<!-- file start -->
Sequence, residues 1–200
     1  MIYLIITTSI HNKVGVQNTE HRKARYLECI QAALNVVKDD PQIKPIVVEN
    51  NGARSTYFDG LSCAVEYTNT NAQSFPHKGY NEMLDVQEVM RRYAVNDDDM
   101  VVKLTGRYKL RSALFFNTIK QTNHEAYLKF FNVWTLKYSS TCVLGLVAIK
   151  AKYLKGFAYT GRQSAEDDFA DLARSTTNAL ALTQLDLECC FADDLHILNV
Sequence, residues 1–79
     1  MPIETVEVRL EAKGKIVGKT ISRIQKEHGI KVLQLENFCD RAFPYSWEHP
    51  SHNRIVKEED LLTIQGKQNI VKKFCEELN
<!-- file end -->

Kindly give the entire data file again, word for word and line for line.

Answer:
Sequence, residues 1–200
     1  MIYLIITTSI HNKVGVQNTE HRKARYLECI QAALNVVKDD PQIKPIVVEN
    51  NGARSTYFDG LSCAVEYTNT NAQSFPHKGY NEMLDVQEVM RRYAVNDDDM
   101  VVKLTGRYKL RSALFFNTIK QTNHEAYLKF FNVWTLKYSS TCVLGLVAIK
   151  AKYLKGFAYT GRQSAEDDFA DLARSTTNAL ALTQLDLECC FADDLHILNV
Sequence, residues 1–79
     1  MPIETVEVRL EAKGKIVGKT ISRIQKEHGI KVLQLENFCD RAFPYSWEHP
    51  SHNRIVKEED LLTIQGKQNI VKKFCEELN